Another win for the game is its amount of content. The side missions return and they're better than ever, with each mission following a certain villain. They usually end in a nice battle and incorporate plenty of cool investigation scenarios and combat sequences. Along with the side quests, there are also riddles returning. This time they aren't much more than breakable/collectible objects, but the radio towers are perplexing, well thought out challenges that always end in you getting the reward of a fast travel point. The challenge mode also returns and it's slightly expanded. Like the rest of the game, WB Montreal have stuck to the basics, but added their own spin on parts. The ranked challenges are fairly similar to their former counterparts, as are the campaign and custom challenges. There is a lot of content here and the new training challenges make up a small part of the mode, but they are surprisingly enjoyable and help you grasp the mechanics of the game if you're a newbie. Of course, concept art, themes and character models are all valuable objects to unlock and everything seems to go towards 100%. You can also access the challenges from the Batcave now- which is kind of like a hub.
One part where the game kind of disappointed me was in the open world. Not that it's small- it certainly isn't. Not that it isn't detailed- there is a lot to find and do. Not that there aren't any civilians- while the reason is lousy (they're all inside), I don't think it would suit the game to have people wandering the streets. It's because of the bugs and the small amount of Easter eggs. While none of the glitches were game breaking, they smash your immersion and the lack of big references (like the Scarecrow boat in City) is a little disappointing. It isn't enough to really damage the game though.
The gameplay itself is excellent, even if highly familiar. Combat is highly refined and requires maximum concentration and great response time. There are new animations and upgrades that flesh it out and the scoring system is rewarding and well implemented. Stealth is also tense once again and the new enemies mix things up. The gadgets are slightly overpowered this time, but I love the remote grapnel and the shock gloves give you a good feeling as they activate. The gliding and traversal is pretty much the same as what we got in Arkham City and is still fluid- it also helps that the cape is black.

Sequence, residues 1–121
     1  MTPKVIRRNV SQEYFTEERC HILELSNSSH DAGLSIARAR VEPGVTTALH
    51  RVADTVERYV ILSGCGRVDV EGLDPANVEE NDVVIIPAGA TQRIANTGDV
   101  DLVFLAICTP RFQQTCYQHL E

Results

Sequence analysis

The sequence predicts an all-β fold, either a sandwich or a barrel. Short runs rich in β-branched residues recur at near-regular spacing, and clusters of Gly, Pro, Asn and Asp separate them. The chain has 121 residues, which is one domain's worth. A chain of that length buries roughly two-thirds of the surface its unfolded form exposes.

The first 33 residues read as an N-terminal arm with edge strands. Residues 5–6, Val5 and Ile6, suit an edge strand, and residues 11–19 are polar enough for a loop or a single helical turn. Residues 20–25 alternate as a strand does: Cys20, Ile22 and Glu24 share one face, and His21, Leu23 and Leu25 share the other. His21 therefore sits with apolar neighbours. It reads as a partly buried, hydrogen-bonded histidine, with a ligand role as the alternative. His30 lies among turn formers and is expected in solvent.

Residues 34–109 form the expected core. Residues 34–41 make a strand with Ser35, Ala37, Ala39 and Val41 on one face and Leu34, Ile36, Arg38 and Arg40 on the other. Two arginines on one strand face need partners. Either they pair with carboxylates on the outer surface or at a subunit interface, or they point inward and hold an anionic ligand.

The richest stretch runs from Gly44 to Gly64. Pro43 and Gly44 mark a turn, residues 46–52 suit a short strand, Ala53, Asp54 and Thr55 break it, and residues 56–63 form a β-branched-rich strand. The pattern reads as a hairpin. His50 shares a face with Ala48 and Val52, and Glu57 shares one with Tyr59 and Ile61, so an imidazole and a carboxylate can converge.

Finally, Origins has a multiplayer mode. It has a great levelling system, plenty of customization options and a few large maps. However, it only comes with one mode (new modes and maps are planned for future updates) and it's hard to get a game seeing as how there is no drop in. The gameplay is nice though, with Batman and Robin feeling good and the other thugs making for interesting variations. The shooting is great and playing as the big bosses is rewarding- Bane is cool.
To wrap things up, Arkham Origins is a great prequel. It's the same gameplay, just with a larger open world, a better narrative and surprisingly enjoyable multiplayer. It's also a great jumping on point for newbies- though City shouldn't be dismissed!… Expand
Feb 1, 2014The Arkham series has always hit that sweet-spot that so many superhero games strive for. It brings the stealth of Batman while mixing itThe Arkham series has always hit that sweet-spot that so many superhero games strive for. It brings the stealth of Batman while mixing it perfectly with masterful combat mechanics. While this doesn't do anything revolutionary in the series, it's a nice unexpected romp through Arkham to say the least. It has the best story in the series, and in my opinion the new voice actors fill their big shoes excellently. I just hope Rocksteady hits the brakes, and truly does something special for next time. I would hate to see this franchise become the next Assassin's Creed, with every consequent game leaving a "been there, done that" mentality.
- New baddies to fight through (Some will even counter now)
- Boss Battles are great. Need to critically think to get through them instead of just button mashing.
- Brand spankin new gadgets to mess around with
- Excellent story
- New riddles
- Tons of new content to keep any Bat busy for a while
- Multiplayer feels like a shoe-horned, rather forgettable experience.
- More of the same, not really a bad thing, but it plays exactly like Arkham City. If you got tired of the last game, you won't find anything to tickle your pickle here.… Expand
Oct 25, 2013I have played through the fist half hour of the game. While its very similar to its predecessors there are a few minor issues. The graphicsI have played through the fist half hour of the game. While its very similar to its predecessors there are a few minor issues. The graphics are a little rough around the edges and the combat animations are glitchy at times. Also it has crashed on me once so far so hopefully there will be a patch out to address these issues. The story so far seems good and well structured and the combat stays true to the previous games. Looking forward to playing through the entire game and I would highly recommend it.… Expand